The chief executive of the company charged with building the Federal Government's National Broadband Network (NBN), Mike Quigley, turned down a higher paying job overseas before committing himself to the $43 billion project, Communications Minister Stephen Conroy today revealed.
NBN Co CEO Mike Quigley
(Credit: Liam Tung/ZDNet Australia)
"He turned down — he won't thank me for saying this — a major telecommunications job overseas to stay and do this job at a substantially reduced salary," Senator Conroy told journalists in Sydney today. "While [his salary] sounds like a large number, and it is, the work that Mike Quigley is doing — it is a bargain basement price for a man of his ability."
Senator Conroy was answering a journalist's question suggesting Quigley's salary was high for a company created and owned by the government. His salary currently sits at $1.95 million. It was brought up today because Quigley is donating a year's salary to a project that will deliver remote rehabilitation therapy using Nintendo's Wii.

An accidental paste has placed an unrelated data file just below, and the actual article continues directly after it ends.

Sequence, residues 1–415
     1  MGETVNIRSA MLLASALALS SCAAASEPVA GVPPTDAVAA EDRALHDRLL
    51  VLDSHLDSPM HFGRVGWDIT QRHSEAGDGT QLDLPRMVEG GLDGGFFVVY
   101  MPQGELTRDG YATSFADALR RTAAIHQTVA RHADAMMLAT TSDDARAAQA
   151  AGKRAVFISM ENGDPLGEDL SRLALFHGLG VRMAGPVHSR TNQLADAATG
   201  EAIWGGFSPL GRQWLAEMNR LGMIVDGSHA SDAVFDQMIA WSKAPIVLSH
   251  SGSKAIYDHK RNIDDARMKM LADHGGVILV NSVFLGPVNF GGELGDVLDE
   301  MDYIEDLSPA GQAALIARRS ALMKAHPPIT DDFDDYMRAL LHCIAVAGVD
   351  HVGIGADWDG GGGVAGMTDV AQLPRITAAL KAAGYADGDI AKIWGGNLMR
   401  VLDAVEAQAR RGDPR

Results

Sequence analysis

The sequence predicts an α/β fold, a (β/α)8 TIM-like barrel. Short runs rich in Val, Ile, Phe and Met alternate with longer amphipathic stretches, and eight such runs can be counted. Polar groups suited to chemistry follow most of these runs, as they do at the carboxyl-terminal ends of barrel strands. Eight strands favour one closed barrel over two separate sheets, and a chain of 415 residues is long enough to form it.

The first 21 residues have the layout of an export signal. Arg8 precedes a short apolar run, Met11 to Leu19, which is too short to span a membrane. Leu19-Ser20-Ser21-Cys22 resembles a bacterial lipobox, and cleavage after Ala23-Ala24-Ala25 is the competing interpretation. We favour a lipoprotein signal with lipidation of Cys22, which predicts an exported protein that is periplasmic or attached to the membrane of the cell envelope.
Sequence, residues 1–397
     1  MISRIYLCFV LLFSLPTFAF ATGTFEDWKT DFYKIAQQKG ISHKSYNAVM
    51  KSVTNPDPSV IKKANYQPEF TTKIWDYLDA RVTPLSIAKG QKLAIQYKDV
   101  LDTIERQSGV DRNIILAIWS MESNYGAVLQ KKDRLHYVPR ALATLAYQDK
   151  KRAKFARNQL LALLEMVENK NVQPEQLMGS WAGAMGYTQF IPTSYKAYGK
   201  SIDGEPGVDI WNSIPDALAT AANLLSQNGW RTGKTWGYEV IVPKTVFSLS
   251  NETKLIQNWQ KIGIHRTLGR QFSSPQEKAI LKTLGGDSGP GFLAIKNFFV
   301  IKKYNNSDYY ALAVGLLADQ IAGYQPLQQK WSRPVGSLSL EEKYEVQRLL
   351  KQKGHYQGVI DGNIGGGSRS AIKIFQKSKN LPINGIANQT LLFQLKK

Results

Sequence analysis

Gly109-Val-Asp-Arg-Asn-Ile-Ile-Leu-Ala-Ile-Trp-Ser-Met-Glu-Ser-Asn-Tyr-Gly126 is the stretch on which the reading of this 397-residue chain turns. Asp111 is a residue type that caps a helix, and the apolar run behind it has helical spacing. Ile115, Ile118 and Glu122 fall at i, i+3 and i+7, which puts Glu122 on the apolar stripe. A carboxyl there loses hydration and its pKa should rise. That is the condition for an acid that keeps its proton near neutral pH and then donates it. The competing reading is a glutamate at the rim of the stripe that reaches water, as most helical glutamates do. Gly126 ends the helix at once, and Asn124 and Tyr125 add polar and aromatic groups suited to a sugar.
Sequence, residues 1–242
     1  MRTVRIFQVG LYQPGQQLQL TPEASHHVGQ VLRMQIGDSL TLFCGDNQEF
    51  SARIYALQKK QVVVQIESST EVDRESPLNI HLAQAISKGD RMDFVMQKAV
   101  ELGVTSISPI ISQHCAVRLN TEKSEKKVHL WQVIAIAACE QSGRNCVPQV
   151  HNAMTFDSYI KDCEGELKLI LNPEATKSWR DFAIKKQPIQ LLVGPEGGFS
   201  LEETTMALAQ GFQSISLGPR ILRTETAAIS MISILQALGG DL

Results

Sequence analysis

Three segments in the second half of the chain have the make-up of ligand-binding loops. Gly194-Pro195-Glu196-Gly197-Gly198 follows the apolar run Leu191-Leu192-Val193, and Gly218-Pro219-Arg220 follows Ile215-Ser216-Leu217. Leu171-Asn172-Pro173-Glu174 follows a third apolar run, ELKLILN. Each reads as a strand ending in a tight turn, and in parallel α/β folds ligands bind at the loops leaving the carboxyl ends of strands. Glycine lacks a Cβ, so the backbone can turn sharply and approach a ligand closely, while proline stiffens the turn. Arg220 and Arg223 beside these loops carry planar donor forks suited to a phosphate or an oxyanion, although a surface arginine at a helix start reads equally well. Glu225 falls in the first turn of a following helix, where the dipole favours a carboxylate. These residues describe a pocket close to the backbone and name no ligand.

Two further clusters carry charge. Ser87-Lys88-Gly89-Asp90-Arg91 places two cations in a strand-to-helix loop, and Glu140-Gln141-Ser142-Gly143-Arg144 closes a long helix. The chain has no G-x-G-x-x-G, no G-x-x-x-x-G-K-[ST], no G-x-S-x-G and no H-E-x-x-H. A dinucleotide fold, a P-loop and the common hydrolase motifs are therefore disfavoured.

"If you look at what he gets paid compared to the rest of the sector here in Australia, you will actually see that this is a modest salary," Senator Conroy said. "All of the NBN Co employees are working well below the market rate".
Quigley confirmed to ZDNet Australia that Conroy's comments had been true.
"I chose to stay in Australia and take on this opportunity because it's a unique challenge," he said. "It's not very often that a telco professional gets to do a job like this.
"It has its challenges, as you could well imagine, but it is quite an exciting prospect. [It's] something that you could step back from at the end and say 'Hey, I was part of a very big, large, national infrastructure project'."